FYI, Here's the article that Chase is quoted from, explaining aspects of The Test Dream:
(From The Star Ledger):
"The stuff that Tony's dreams are made of"
Monday, March 06, 2006
THERE ARE going to be more dreams. Deal with it.
The only complaint more persistent among "Sopranos" fans than all the whining about whacking is those loud and long protests whenever Tony checks into a hotel and the viewers check into his unconscious mind.
The nightmarish griping came to a head late last season with "The Test Dream," an episode whose centerpiece was a 20-minute, 38-second dream sequence that included Tony on horseback; Annette Bening and dead cop Vin Makazian as the parents of Meadow's boyfriend, Finn; dead characters riding with Tony in his father's car, and Tony chased by a torch-bearing, lederhosen-clad mob, among other surreal images.
"The Test Dream" seemed to especially anger the whacking crowd because it took place late in the season, just as the New York mob civil war storyline was threatening to satisfy their bloodlust.
The "Sopranos" writers know a portion of their audience doesn't like the dreams.
And they don't care.
"People complained to me about it," says writer/producer Terence Winter, "and I said, "The opening shot of this series is a guy in a psychiatrist's office. You think maybe the show is going to deal with dreams and psychology?' That's how you've met Tony Soprano, so the show deals with that stuff. So if you're interested in Tony Soprano, aren't you interested in what he thinks about, what he dreams about? You would hope.
"Unfortunately, some people, all they're interested in is the mob (stuff). Everyone has their own thing. You can't please everybody."
"I know people complain about them, but we come by them honestly," agrees creator David Chase. "This is the story of a therapy patient, and dreams form a lot of that."
It's not as if "The Test Dream" should have been such a shock to the audience's system. Tony has been having bizarre dreams and hallucinations going all the way back to the show's fourth episode, where he struggled with erotic fantasies about Dr. Melfi and nightmares that his fellow mobsters would find out she was treating him.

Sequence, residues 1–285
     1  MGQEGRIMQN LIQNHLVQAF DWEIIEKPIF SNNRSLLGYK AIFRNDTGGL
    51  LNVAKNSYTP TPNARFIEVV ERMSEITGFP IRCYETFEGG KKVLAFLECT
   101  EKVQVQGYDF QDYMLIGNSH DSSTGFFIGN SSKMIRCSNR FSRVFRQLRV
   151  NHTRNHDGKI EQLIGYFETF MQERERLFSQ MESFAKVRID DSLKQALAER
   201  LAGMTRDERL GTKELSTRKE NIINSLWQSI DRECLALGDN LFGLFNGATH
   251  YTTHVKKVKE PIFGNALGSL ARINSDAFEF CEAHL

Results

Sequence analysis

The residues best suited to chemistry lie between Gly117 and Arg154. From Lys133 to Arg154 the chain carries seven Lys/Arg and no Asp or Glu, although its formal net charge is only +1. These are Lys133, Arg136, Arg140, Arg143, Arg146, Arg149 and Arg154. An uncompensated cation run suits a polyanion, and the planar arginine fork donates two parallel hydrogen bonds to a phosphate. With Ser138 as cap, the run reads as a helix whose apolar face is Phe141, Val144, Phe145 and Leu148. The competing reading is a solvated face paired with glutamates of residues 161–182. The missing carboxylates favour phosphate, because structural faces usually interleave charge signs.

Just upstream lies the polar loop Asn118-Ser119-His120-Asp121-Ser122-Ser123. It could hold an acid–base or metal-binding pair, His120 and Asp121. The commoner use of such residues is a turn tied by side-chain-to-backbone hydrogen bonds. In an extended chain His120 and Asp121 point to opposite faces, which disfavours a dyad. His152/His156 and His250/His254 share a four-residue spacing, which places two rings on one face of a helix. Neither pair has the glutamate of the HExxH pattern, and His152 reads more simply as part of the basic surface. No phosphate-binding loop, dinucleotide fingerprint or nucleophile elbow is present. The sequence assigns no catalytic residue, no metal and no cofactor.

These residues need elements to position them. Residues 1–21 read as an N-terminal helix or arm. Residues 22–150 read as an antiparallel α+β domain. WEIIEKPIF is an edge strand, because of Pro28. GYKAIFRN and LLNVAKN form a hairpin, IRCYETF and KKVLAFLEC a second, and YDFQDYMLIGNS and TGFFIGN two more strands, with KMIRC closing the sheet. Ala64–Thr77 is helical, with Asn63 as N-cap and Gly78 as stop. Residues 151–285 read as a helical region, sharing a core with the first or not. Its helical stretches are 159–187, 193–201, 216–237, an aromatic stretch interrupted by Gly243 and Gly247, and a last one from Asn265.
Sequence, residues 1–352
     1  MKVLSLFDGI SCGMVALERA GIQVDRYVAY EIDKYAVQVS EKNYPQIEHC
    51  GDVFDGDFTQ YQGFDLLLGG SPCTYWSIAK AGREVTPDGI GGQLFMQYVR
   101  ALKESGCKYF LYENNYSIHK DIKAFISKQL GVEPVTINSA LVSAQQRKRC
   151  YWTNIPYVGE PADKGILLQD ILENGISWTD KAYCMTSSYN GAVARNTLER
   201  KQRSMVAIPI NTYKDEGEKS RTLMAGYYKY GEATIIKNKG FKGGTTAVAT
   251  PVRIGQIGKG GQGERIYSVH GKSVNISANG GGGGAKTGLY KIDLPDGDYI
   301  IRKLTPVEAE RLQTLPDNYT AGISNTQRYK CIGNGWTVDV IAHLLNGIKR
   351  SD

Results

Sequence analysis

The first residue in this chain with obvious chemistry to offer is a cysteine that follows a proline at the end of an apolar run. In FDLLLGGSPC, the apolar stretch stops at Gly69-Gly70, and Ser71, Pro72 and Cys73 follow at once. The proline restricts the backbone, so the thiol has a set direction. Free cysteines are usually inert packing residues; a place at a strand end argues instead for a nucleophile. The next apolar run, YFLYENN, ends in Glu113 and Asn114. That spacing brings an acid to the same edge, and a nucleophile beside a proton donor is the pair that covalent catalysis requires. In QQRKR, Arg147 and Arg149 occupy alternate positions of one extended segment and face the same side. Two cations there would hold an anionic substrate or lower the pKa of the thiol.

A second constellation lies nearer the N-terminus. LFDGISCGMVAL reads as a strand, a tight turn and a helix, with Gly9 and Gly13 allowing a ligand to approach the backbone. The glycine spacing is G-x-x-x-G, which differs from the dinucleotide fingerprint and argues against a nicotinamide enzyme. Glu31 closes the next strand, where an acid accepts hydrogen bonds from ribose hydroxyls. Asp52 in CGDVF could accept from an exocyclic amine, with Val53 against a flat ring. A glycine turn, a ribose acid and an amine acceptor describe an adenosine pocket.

And that was far from the last one before "The Test Dream." To name just a few: Near the end of season one, he hallucinated entire encounters with an Italian woman staying at the house next door. Whole chunks of "Funhouse," the season two finale, were taken up with visions of Tony at the Jersey Shore, lighting himself on fire and having conversations with a talking fish that sounded a lot like Big Pussy. The fourth season's "Calling All Cars" introduced the idea of Johnny Soprano's car as a chariot for the dead.
And over the years, we've also seen the dreams of Melfi (trapped under a vending machine as her rapist approaches), Christopher (haunted by the ghost of the first man he killed) and even Silvio (searching the Bada-Bing for a piece of cheese to feed that dead rat Pussy).
Though the dreams can illustrate aspects of Tony's psyche that plot and dialogue can't, they often serve a more practical purpose.
"We've used those dreams to further the narrative," says Chase. "For example, "Funhouse' could have been a story in which Tony gets some information that Pussy's the rat and he tracks it down and we do some stultifying procedural until we have the proof in hand. And I just couldn't go through that. I can't stand that (stuff). So we just decided it would be more interesting, that on some level Tony knows this, that his friend is betraying him, and it makes him ill in combination with some bad chicken, and his subconscious erupts like that and gives him the information."